« ПредишнаНапред »
Hel. I like him well.
Hel. Which is he?
Dia. That jack-an-apes with fearfs. Why is he melancholy?
Hel. Perchance, he's hurt i' th battel.
Mar. He's fhrewdly yex'd at something. Lagk, he has spied us.
Wid. Marry, hang you! [Exeunt Ber. Per. & f.
Hel. I humbly thank you :
Enter Bertram, and the two French Lords. i Lord. Nay, good my lord, put him to't: let him
2 Lord. If your lordship find him not a hilding, hold me no more in your respect.
i Lord. On my life, my lord, a bubble.
have his way
- Yond's That fame Fellow, That leads him to these Places.] What Places? He did not lead him to be General of Horse under the Duke of Florence, sure. Nor have they been taiking of Brothels; or, indeed, any particular Locality. I make no Question, but our Author wrote ;
Tlat leads him to these Paces. i. e. to fuch irregular Steps, to Courses of Debauchery, to not loving his Wife.
Ber. Do you think, I am so far deceiv'd in him?
i Lord. Believe it, my lord, in mine own direct knowledge, without any malice, but to speak of him as my kinsman; he's a most notable coward, an infinite and endless liar, an hourly promise-breaker, the owner of no one good quality worthy your lordship's entertainment.
2 Lord. It were fit you knew him, left, repofing too far in his virtue, which he hath not, he might at some great and trusty business in a main danger fạil you.
Ber. I would, I knew .in what particular action to
2. Lord. None better than to let him ferch off his drum ; which you hear him fo confidently undertake
i Lord. I, with a troop of Florentines, will suddenly furprize him; such I will have, whom, I am sure, he knows not from the enemy: we will bind and hoodwink him so, that he shall suppose no other but that he is carried into the leaguer of the adversaries, when we bring him to our own tents; be but your lordThip present at his examination, if he do not for the promise of his life, and in the highest compulsion of base fear, offer to betray you, and deliver all the intelligence in his power against you, and that with the divine forfeit of his soul upon oath, never truft my judgment in any thing,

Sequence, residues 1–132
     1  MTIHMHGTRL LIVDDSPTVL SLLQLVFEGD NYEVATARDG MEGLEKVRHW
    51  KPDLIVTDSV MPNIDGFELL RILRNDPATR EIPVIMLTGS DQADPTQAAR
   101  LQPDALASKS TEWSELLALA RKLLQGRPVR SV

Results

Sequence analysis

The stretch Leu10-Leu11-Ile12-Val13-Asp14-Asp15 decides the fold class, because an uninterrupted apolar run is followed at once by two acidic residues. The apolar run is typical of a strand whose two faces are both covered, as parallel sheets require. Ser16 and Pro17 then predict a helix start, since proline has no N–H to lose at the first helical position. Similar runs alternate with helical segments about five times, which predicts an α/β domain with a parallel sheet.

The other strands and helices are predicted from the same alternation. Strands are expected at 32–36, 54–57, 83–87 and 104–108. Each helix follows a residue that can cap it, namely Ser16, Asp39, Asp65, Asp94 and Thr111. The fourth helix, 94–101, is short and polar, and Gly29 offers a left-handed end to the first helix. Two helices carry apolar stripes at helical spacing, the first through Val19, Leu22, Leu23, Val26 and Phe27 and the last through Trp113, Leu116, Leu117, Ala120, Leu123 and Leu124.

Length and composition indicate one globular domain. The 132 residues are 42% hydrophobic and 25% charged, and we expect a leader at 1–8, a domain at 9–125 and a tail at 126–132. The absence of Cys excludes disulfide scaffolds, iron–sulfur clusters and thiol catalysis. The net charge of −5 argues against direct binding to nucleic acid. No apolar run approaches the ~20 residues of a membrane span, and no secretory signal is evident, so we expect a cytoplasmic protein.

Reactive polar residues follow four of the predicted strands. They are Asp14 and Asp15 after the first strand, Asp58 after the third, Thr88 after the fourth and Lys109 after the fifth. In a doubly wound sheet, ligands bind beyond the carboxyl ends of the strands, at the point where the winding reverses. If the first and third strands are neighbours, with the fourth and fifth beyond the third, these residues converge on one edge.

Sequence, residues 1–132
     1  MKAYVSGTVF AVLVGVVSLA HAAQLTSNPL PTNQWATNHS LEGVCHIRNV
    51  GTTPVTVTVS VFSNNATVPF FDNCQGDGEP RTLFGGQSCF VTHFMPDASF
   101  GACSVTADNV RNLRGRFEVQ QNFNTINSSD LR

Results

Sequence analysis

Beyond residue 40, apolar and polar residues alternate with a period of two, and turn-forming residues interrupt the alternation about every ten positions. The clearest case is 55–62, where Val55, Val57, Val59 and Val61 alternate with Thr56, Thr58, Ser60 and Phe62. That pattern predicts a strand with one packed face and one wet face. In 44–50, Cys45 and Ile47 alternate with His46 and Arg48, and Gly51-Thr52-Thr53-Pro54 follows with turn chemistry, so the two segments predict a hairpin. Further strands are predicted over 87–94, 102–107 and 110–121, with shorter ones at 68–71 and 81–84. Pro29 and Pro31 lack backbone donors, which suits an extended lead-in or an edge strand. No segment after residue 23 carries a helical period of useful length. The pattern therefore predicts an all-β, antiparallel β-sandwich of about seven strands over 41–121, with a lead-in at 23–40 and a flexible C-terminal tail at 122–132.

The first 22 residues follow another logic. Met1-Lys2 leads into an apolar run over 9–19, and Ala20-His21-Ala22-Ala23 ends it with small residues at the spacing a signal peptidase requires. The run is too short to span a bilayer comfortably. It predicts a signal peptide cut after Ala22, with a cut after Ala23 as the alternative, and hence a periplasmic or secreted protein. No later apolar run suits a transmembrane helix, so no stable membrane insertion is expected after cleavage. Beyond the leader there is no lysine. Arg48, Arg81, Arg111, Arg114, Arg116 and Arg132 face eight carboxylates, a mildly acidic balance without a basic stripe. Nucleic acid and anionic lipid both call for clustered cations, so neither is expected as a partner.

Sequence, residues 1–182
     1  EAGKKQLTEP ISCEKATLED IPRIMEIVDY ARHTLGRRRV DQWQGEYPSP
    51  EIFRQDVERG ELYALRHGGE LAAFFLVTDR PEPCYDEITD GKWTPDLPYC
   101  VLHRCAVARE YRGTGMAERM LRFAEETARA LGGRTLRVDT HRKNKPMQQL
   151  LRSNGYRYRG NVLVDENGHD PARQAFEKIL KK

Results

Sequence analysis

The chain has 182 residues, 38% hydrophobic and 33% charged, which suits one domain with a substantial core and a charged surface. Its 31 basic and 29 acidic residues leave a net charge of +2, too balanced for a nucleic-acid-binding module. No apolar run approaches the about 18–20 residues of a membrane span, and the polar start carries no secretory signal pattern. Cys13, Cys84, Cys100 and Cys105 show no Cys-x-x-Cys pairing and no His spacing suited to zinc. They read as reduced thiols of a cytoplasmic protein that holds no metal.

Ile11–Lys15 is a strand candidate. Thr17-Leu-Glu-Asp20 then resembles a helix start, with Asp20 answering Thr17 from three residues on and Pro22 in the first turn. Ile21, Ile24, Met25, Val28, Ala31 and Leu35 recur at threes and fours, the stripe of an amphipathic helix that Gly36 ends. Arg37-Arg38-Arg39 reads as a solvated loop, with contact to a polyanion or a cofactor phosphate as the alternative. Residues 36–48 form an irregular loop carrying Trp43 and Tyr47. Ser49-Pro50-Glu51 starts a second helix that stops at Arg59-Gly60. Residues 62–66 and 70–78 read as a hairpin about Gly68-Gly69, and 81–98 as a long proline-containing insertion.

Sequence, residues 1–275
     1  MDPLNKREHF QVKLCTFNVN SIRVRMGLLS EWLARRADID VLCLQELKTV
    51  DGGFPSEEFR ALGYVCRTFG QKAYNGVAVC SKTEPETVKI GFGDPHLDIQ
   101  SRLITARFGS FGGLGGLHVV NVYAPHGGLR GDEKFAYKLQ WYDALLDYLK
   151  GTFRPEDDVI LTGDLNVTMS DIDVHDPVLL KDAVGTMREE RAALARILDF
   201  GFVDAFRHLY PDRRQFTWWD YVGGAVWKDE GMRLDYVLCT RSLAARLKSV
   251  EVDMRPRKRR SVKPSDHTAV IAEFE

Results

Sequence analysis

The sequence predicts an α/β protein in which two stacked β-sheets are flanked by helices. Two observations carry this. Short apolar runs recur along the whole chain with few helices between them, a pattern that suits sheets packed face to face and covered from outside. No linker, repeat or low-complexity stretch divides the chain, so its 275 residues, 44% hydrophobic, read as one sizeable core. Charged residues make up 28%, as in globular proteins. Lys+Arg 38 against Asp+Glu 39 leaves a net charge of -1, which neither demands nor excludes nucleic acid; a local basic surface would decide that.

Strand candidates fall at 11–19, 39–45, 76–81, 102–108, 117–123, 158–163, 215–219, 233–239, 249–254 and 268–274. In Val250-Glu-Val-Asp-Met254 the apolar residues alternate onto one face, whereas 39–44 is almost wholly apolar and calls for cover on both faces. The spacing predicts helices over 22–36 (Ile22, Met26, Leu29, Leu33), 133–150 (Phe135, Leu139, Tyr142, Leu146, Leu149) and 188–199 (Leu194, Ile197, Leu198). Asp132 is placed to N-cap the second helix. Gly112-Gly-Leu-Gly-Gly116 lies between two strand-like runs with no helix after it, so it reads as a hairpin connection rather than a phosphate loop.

2 Lord. O, for the love of laughter, let him fetch his drum; he says, he has a stratagem fort ; (30) when
your (30) When your Lordship fees 'the bottom of his Success in't, and to what Metal this Counterfeit Lump of Ours will be melted, if you give him not John Drum's Entertainment, your Inclining cannot be remov'd.] I conjectur'd, this counterfeit Lump of Oare, when I publifh'd my SHAKE S P E A R. E restor'd: Thus it bears a Consonancy with the other Terms accompanying, (viz. Metal, Lump, and melted) and helps the Propriety of the poet's Thought : For fo one Metaphor is kept up, and all the words are proper and suitable to it. But, what is the Meaning of John Drum's Entertainment? Lafeu several Times afterwards calls Parolles, Tom Drum. But the Difference of the Christian Name will make None in the Explanation, There is an old Motley
your lordship sees the bottom of his success in't, and to what metal this counterfeit lump of Oar will be melted, if you give him nor John Drum's entertainment, your inclining cannot be removed. Here he
Enter Parolles. i Lord. O, for the love of laughter, hinder not the humour of his defign, let him fetch off his drum in
Ber. How now, Monsieur ? this drum sticks forely in your disposition.
2 Lord. A pox on't, let it go, 'tis but a drum.
Par. But a drum! is't but a drum? a drum so loft! there was excellent command! to charge in with our horse upon our own wings, and to rend our own foldiers.
2 Lord. That was not to be blamed in the command of the service; it was a disaster of war that
Interlude, (printed in 1601) callid, Jack Drum's Entertainment; Or,
Why do you give such kind Entertainment to that Cobweb?
Fox-tail. But Both these Pieces are, perhaps, too late in Time, to come to the Aliftance of our Author: fo we must look a little higher. What is said here to Bertram is to this Effect. “ My Lord, as you have taken this Fellow (Pa“ rolles] into fo near a Confidence, if, upon his being found a Counterfeit, co